Some Stockings from the Twenties

Stockings from Sears, Spring 1925 catalog.

Silk Stockings from Sears, Spring 1925 catalog. “Medium gray, Blush, French tan, Airedale, Black, Champagne, Dark brown, and White.” [Airedale?]

I had been thinking about stocking styles and stocking colors when I found this photo in an antique store:

Three women, dated January 3, 1928. Vintage photo.

Three women, dated January 3, 1928. Vintage photo.

The writing on the back of the photo is European, but I can't tell if it says 3 Janvier 1928 (French) or Januar 1928 (German.)

The writing on the back of the photo is European; I think it says 3 Janvier 1928. [Lynn suggests it says “Januar” in German. Thanks! Ed. 6/7/15.]

The two girls in matching sweaters have elegant legs, but the one on the left is wearing matte finish stockings with rather shiny (metallic?) shoes, while the stockings of the girl on the right have the sheen of silk — but not sheer silk.

Silk stockings were sold in sheer (“Chiffon weight,”) “service weight,” “Mid-weight,” and in many blends of silk, rayon, cotton,  and wool. Often the part of the stocking hidden by shoes was a sturdier material, like cotton, which could be mended.

Silk and rayon stockings with cotton garter tops, heels, and toes. Sears catalog, Spring 1927.

Silk and rayon stockings (“Practical for hard wear”) with cotton garter tops, heels, and toes. Sears catalog, Spring 1927.

Sometimes the top of the stocking would be a different (or cheaper) fabric, since runs caused by the pull of suspenders (clasp garters) on the stocking top were common.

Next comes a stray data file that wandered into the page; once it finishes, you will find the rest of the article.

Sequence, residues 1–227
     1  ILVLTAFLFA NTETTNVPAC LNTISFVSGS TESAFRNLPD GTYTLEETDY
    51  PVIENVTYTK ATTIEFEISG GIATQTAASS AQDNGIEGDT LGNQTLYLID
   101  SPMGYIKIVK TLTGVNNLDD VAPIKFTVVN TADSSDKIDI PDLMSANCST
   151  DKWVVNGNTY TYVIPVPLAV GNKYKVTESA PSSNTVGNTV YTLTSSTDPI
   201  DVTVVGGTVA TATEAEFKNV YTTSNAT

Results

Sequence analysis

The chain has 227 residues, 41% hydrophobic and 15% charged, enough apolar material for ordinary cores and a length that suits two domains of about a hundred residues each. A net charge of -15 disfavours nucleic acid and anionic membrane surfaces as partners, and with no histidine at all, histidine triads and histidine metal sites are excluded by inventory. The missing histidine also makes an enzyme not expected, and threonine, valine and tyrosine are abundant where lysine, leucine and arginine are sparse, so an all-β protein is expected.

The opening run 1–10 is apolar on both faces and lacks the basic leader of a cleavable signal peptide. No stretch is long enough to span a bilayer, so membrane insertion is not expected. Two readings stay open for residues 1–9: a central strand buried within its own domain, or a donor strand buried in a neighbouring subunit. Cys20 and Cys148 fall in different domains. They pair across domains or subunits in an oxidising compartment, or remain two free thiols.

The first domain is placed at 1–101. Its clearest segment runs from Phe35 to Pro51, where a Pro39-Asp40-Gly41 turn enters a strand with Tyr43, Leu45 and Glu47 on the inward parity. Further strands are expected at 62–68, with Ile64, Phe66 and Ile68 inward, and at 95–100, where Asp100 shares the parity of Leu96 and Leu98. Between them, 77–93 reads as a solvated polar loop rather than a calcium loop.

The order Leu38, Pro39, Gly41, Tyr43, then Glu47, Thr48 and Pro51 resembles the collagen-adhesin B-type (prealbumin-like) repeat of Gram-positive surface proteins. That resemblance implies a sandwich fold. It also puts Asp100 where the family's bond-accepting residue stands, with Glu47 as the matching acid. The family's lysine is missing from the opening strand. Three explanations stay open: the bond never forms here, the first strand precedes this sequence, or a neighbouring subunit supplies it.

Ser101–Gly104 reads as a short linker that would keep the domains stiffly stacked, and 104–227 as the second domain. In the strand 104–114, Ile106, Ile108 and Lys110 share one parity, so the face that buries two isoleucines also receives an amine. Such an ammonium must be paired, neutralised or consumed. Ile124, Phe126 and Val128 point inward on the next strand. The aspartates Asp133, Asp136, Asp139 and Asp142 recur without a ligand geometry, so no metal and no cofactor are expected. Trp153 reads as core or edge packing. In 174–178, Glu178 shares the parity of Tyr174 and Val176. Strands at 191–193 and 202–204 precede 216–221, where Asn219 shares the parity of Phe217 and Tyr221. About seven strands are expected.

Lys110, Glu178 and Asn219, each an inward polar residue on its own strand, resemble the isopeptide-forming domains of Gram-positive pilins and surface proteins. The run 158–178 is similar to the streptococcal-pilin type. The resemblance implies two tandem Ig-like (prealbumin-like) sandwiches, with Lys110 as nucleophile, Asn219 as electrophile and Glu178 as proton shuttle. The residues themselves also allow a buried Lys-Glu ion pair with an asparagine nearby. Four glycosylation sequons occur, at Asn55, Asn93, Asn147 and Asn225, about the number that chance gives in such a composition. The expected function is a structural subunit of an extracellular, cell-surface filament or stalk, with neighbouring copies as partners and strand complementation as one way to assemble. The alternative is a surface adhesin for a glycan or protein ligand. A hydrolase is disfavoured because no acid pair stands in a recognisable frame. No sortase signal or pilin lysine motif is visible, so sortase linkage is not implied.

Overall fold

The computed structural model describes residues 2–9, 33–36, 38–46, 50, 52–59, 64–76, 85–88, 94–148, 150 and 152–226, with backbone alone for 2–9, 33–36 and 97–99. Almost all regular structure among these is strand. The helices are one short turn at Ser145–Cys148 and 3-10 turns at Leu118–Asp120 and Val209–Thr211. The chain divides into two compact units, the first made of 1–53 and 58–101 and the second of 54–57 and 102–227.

I was happy to be a young woman in the 1960s, because I loved the body-skimming dress styles. But I was never happy about having to expose my far-from-Twiggy-like legs. Opaque tights in many colors were a boon to women like me.

Photo by Pat Faure from Elegance, fall/winter 1965 -66.

Photo by Pat Faure from Elegance, fall/winter 1965 -66.

Textured hose were also popular in the sixties, and reappeared in the 1980s. But vividly colored hosiery — and textured hose — were also worn in the 1920’s.

Colored Stockings, 1920’s

I’ve written about nineteen twenties’ stocking colors before, (click here) but here are a few of the more vivid examples from advertisements:

Arch Preserver Shoe ad. Delineator, June 1929.

Arch Preserver Shoe ad. Delineator, June 1929.

Holeproof silk stocking ad illustrated by J. Clelland Barclay, October, 1925. Delineator.

Holeproof silk stocking ad illustrated by J. Clelland Barclay, October, 1925. Delineator.

Realsilk Hosiery ad, Delineator, October, 1929.

Realsilk Hosiery ad, Delineator, October, 1929.

The opacity of some real silk stockings is shown in this ad for Holeproof Hosiery:

Holeproof hosiery ad illustrated by J. Clelland Barclay, May, 1925. Delineator.

Holeproof hosiery ad illustrated by J. Clelland Barclay, May, 1925. Delineator.

These don’t look very different from the pale stockings in my 1928 found photo . . .

3 women stockings jan 3 1928 photo

. . . or in this stocking ad from 1928.

Movie actress Claire Windsor appeared in this ad for Allen A Hosiery, Delineator, Dec. 1928.